Mexico summoning Interpol's aid to catch outlaw lawmaker

Since Mexican President Felipe Calderon sent troops into his home state of Michoacan in 2006 to fight drug traffickers, U.S. and Mexican officials have described a growing free-for-all between warring cartels in the state where 10 mayors were recently detained and are being investigated for alleged ties to drug traffickers.

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By William Booth
Washington Post Staff Writer
Thursday, December 16, 2010; 9:28 PM

MEXICO CITY - Mexico's attorney general said Thursday that he was calling on Interpol to help authorities capture a lawmaker suspected of having ties to a drug cartel.

Mexico's top prosecutor, Arturo Chavez Chavez, vowed to arrest Julio Cesar Godoy Toscano, a federal deputy whose immunity from prosecution was stripped by Congress this week.

Traditionally, suspect Mexican politicians are pursued after they leave office - if at all. But Godoy became an embarrassment and liability to the political class, especially after investigators released a recorded phone call of him allegedly speaking with a high-ranking member of the drug trafficking cartel known as La Familia.

The cartel has emerged as Mexico's top methamphetamine producer from the mango and avocado farm towns of western Michoacan, where Godoy's stepbrother is governor.

At a news conference in September, Godoy swore his innocence and denied ties to the drug gang.

"Enough is enough. This is political harassment," Godoy said, calling the pending charges ridiculous, stupid, aberrant and dumb. "I am not a criminal."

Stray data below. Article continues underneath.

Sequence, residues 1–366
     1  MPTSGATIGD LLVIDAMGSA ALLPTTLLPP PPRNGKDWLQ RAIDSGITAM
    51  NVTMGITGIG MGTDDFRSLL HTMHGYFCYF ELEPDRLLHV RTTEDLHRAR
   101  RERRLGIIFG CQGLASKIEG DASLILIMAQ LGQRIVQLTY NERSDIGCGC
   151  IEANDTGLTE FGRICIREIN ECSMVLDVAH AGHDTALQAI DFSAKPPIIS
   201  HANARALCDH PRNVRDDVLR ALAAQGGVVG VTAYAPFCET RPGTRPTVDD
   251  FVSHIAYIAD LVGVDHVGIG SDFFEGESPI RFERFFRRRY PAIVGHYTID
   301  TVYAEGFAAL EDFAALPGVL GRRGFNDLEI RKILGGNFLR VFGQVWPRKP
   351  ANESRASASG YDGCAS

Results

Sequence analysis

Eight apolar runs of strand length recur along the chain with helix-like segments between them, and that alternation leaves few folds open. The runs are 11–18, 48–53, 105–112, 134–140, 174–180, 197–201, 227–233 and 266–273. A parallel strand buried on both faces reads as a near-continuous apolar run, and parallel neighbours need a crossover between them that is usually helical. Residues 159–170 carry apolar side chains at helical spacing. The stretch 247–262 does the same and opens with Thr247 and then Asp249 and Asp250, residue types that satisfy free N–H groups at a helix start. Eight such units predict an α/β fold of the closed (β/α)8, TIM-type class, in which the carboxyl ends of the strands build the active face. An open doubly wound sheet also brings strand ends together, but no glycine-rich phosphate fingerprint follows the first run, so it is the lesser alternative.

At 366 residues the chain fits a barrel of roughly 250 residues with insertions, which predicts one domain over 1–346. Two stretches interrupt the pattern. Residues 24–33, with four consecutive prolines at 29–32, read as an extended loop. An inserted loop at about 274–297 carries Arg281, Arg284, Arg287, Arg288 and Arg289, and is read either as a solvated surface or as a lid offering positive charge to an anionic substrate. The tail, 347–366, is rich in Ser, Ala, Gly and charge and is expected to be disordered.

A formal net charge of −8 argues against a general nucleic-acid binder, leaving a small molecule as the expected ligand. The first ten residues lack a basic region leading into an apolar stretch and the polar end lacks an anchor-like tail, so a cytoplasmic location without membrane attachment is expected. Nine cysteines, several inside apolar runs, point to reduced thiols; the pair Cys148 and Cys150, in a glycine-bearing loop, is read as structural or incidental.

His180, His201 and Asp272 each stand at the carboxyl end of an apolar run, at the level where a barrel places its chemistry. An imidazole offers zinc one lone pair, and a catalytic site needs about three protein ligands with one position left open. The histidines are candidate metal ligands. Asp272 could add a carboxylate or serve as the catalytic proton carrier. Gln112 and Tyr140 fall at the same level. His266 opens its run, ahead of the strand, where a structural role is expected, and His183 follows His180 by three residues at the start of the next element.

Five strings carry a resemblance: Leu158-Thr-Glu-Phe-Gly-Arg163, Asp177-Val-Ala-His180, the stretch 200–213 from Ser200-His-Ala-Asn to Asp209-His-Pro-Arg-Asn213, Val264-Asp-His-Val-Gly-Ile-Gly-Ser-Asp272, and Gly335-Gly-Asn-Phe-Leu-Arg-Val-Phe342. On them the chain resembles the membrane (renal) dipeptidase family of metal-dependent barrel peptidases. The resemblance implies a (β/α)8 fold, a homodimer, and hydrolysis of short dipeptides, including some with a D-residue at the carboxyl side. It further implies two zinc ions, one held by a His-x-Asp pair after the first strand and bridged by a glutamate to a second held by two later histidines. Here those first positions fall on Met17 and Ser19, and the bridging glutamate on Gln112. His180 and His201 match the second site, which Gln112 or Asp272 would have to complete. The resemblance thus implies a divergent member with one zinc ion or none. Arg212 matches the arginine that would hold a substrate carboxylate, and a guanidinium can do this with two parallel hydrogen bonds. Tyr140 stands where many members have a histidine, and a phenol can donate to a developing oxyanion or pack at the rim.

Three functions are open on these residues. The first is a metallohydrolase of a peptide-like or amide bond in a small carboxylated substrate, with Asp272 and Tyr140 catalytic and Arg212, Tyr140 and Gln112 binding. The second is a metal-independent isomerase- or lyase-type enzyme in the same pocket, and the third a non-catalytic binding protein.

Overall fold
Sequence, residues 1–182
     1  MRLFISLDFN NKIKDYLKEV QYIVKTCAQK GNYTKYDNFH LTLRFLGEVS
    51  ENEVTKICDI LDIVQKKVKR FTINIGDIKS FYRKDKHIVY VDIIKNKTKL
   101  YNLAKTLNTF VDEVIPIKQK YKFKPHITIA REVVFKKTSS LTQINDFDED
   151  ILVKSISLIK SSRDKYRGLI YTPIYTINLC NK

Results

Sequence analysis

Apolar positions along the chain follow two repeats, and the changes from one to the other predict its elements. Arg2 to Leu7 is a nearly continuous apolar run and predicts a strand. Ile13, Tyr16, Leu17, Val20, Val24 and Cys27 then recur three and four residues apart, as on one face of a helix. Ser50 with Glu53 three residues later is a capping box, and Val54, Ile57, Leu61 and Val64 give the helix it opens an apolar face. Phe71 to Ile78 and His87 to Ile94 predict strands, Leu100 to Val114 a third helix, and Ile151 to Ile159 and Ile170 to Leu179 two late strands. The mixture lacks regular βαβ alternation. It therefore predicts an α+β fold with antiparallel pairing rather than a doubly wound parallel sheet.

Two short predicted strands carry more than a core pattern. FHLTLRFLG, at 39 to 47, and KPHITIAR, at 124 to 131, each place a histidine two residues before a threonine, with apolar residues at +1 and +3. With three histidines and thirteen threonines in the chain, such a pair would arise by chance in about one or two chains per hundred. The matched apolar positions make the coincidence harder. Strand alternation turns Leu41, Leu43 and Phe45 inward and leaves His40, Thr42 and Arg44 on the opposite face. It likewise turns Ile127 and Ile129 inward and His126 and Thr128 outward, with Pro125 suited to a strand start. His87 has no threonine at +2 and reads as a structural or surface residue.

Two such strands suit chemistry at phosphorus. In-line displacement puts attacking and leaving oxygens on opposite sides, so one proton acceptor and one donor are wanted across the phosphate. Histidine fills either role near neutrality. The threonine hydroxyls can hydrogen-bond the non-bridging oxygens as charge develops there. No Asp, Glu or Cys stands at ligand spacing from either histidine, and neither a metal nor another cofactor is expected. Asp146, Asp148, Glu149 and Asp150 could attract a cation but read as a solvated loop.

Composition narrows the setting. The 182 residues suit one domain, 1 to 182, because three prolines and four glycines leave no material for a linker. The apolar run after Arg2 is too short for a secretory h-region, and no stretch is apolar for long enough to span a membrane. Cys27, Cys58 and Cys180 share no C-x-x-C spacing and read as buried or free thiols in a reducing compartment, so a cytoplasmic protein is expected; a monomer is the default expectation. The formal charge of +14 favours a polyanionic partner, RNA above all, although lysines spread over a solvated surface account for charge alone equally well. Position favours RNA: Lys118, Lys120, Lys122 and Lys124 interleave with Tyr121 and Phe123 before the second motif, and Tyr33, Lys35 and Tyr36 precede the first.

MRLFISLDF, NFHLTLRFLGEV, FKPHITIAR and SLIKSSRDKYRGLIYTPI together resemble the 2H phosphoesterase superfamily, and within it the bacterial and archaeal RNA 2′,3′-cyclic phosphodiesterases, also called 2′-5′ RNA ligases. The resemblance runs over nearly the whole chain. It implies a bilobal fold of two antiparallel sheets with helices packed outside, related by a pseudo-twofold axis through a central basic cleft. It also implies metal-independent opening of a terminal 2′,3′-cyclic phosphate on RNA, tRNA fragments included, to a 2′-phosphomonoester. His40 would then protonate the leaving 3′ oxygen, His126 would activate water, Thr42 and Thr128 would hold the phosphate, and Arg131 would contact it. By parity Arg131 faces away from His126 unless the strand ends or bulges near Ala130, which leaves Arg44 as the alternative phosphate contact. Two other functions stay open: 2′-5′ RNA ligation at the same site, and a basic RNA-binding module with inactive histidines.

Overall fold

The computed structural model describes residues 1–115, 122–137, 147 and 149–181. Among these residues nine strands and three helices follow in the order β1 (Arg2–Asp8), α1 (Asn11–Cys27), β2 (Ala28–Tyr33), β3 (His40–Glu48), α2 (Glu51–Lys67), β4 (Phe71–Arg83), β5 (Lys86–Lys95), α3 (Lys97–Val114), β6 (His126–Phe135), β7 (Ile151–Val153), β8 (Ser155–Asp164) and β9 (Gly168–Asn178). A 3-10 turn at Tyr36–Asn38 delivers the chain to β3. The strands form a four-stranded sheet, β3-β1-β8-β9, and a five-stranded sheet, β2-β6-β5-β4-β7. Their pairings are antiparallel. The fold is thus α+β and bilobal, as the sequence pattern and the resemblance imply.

Godoy was sworn into Congress in September in spite of an arrest warrant against him. Before he arrived to take the oath of office - and slipped past security forces - Godoy had been on the lam for more than a year.

Earlier this week, the lower house of Congress voted 384 to 2 to deny the politician the gold-plated immunity that serving politicians here enjoy.

Investigators say they want to know how Godoy managed to amass more than $2 million in his bank accounts. But federal prosecutors have generally had a hard time making formal charges stick. They rounded up a dozen mayors in Michoacan last year, but after the publicity of the mass arrests died down, they released them all, unable to make a single corruption case.

The attorney general said he had no idea where Godoy had run to. But La Familia has been shaken in recent months. In a wild firefight last week, Mexican police and troops laid siege to a cartel safehouse in Michoacan. Authorities said Thursday they believe they killed cartel leader Nazario Moreno Gonzalez but conceded they have not found his body. Five policemen and three civilians were also killed in the attacks.

In his meeting with reporters, the attorney general said 30,196 people have been killed in drug-related violence across the country since President Felipe Calderon first sent troops against the cartels in his home state of Michoacan. Earlier this week, the border town of Ciudad Juarez also broke a grim record: More than 3,000 people have been killed there this year.


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